The family, now represented by Chicago’s Corboy & Demetrio, is refiling a suit dismissed earlier [Deadspin]:
According to The New York Times, the complaint alleges that the N.H.L., through the actions/inactions of the teams and team physicians charged with caring for Boogaard, breached a duty to Boogaard in failing to monitor his prescription drug use. The suit also alleges that the league’s substance abuse program violated its own rules when it failed to suspend or reprimand him for his several lapses, even in the face of multiple failed drug tests and his admissions that he occasionally purchased the drugs illegally.
P.S. In other sports-lawsuit news, “Vijay Singh sued the PGA Tour on Wednesday for exposing him to ‘public humiliation and ridicule’ during a 12-week investigation into his use of deer-antler spray that ended last week when the tour dropped its case against him.” [ESPN, auto-plays video]
Liability insurance rates soar for Florida retirees’ souped-up golf carts [Orlando Sentinel]
Step 2: Sue golf course because balls land constantly on your property. Step 3: Lose lawsuit. [Ravalli, Mont., Republic]
But of course. [Ryan Young, CEI]
“The city of Sanford [Florida] is in court — again — because the private company that manages its Mayfair Country Club golf course wants out of its 20-year contract, accusing the city of a 90-year-old lie. Maece Taylor Inc., which rescued and revived the course four years ago after the city had a falling-out with its previous operator, says its deal with the city is invalid because city officials lied about who designed the course in the 1920s.” [Orlando Sentinel]
“A golfer whose arm was torn off by an alligator during a round of golf in South Carolina has sued the course’s owner under the novel theory that the design of the course created an alligator hazard.” [OnPoint News]
Headline: “Teen hit with own golf ball sues for millions.” The youth was using a Hillsboro, Ore. driving range in the rain and his ball ricocheted off a metal awning post back into his face. [KATU]
“In a brief opinion released today, the New York Court of Appeals agreed with lower courts that a golfer hit by an ‘errant’ shot could not sue his co-golfer for negligence, because one who chooses to golf assumes the risk of being whacked by a golf ball.” [Lowering the Bar, AP, earlier]
Two doctors, frequent golf partners, were playing a round together when one was struck in the face at close range by the other’s ball. Lower courts dismissed the resulting case, which is now on appeal. [Lowering the Bar, WSJ Law Blog] Plus: WLF (“this is not a lawyer or doctor joke.”)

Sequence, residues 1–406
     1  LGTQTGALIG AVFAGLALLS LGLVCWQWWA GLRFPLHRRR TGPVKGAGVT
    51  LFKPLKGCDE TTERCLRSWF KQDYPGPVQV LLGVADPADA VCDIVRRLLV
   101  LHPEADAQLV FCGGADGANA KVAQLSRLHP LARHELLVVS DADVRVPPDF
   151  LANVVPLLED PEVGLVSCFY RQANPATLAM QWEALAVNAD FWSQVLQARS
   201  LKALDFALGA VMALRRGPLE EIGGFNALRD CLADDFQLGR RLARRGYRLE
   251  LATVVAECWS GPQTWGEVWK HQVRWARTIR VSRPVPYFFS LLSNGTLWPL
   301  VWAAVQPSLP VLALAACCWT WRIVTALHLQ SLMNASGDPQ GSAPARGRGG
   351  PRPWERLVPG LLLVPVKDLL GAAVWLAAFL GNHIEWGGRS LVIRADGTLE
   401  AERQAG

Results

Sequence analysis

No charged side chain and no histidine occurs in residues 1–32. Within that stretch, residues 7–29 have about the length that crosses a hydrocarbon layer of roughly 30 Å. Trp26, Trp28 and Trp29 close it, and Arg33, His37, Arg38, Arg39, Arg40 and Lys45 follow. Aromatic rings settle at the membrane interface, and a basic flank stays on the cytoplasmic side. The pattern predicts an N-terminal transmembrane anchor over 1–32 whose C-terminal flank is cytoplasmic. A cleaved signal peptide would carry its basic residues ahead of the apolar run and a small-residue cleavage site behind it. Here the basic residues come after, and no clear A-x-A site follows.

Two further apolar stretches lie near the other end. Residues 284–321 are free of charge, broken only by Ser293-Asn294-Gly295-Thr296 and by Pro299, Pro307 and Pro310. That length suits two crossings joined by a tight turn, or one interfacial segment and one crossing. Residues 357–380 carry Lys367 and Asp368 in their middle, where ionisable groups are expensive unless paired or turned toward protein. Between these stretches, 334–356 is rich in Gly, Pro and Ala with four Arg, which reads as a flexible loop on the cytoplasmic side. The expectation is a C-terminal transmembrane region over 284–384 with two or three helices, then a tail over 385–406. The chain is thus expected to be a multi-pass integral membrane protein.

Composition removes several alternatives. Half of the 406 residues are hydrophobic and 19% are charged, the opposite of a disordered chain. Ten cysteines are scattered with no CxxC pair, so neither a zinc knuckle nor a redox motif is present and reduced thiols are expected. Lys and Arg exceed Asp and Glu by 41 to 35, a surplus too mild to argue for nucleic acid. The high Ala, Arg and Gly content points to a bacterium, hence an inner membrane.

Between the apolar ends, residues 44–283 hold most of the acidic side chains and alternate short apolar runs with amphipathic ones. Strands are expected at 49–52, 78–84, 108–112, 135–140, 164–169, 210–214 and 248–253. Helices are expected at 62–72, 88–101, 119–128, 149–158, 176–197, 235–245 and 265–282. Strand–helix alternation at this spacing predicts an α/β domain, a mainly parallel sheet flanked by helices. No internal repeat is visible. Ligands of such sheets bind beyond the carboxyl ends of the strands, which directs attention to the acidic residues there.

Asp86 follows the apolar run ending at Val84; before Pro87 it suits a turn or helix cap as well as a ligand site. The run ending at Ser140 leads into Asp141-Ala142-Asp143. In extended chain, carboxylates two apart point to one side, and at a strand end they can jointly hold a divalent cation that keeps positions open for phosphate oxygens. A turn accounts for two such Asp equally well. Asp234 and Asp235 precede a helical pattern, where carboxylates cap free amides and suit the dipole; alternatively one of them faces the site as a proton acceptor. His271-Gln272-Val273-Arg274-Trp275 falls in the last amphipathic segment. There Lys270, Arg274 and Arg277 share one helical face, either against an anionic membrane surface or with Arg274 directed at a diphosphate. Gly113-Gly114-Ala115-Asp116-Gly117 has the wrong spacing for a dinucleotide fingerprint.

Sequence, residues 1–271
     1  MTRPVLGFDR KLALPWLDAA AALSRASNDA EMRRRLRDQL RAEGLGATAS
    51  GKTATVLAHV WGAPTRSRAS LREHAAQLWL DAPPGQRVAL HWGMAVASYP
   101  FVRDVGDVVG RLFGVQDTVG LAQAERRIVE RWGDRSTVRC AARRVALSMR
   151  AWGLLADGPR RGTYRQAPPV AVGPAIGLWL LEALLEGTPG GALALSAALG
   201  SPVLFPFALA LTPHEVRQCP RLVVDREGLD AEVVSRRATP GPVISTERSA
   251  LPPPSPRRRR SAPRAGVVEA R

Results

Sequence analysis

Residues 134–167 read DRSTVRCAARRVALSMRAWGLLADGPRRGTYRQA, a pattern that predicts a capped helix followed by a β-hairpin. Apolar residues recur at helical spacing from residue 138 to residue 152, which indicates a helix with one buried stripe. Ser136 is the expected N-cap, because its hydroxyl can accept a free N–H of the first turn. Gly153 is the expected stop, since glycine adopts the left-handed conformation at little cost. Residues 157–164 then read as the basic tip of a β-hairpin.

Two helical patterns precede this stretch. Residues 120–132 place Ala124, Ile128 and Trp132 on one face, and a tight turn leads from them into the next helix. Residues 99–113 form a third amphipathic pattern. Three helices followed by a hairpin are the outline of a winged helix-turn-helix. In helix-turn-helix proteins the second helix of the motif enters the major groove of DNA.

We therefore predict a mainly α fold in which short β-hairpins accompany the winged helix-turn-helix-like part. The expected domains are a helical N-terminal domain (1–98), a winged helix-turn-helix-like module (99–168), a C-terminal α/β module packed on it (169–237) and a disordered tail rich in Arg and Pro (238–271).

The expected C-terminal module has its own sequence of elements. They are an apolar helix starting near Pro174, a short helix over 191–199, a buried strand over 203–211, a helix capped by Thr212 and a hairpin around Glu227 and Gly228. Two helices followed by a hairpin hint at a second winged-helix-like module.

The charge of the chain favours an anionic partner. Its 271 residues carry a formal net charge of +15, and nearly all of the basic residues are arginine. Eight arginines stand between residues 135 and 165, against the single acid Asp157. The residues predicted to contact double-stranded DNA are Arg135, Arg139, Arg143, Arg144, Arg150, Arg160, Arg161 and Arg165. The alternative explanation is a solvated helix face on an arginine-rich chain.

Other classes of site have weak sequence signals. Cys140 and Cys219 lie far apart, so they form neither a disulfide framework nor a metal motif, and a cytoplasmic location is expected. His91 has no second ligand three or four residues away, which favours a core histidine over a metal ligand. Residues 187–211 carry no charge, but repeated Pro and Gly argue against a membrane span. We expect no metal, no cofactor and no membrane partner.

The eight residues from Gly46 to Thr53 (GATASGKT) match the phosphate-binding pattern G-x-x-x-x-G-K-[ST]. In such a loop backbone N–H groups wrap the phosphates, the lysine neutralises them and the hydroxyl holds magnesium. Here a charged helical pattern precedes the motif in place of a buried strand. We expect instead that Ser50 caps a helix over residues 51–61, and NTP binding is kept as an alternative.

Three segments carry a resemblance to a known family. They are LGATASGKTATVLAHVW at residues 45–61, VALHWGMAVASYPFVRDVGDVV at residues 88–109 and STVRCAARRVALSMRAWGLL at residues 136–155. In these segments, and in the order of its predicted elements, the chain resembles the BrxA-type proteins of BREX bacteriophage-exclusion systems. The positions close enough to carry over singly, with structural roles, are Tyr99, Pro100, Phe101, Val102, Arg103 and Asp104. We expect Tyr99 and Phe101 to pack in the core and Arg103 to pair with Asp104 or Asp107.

Sign at Arizona golf course: “For Your Safety, Walking, Running and Recreational Activity Is Prohibited” [Free-Range Kids, with pic]
The son of the former mayor had sued over being kicked off the university’s golf team. ["Campus Notes" News & Observer blog, WSJ Law Blog; earlier coverage]
Following thirty years of battles, the Obama Administration signaled that it would extend federal recognition to the Shinnecock tribe. Of particular interest: “The tribe is also hoping to resolve more than $1 billion worth of land disputes in the Hamptons, including its claim to the site of the Shinnecock Hills Golf Club, which has played host to the U.S. Open several times.” [NYT] Backed by casino promoters, the tribe filed a massive land claim in 2005 which I wrote about at the time in the NYT; a federal judge rejected the case the next year, following a turn against Indian land claims at the Second Circuit level.
A federal magistrate has turned a preliminary thumbs down on the argument advanced by a pro golfer against his suspension from the PGA for using synthetic testosterone to treat a low testosterone count. The use of such hormones is often associated with increased muscle mass and athletic performance. [CNN via Jon Hyman]
Here’s something we’ve never tried at Overlawyered: a full-length, original book review by an outside contributor. Blogger David Giacalone, whose now-inactive EthicalEsq. (later f/k/a) is fondly remembered and has often been linked in this space, has kindly offered to let us publish his newly written review of BabyBarista and the Art of War, a new novel based on Tim Kevan’s popular BabyBarista column for the U.K.’s Times (a paper to which I’ve contributed as an online columnist in the past). The novel has been hailed as a “Hogarthian romp” and a “satire with edge”; David says it displays its subjects, British lawyers,
acting very much like the worst segments of the American bar: taking huge fees for little work, entering settlements at their clients’ expense (to assure a fee, or to get to a golf course or an early lunch), exploiting underlings, disrespecting a “litigant in person” (pro se) party, making it dangerous to raise sexual harassment charges, etc. It was heartening to hear BabyB warn clients about the risks of no-win-no-fee (contingency) arrangements, and enlightening to see how personal injury claims are fabricated. For the entire 266 pages, the Bar’s foibles and vices are laid bare, but with a light (if exaggerated) touch rather than a heavy hand.
The review is longer than our usual blog post, so we’ve published it on a separate page here.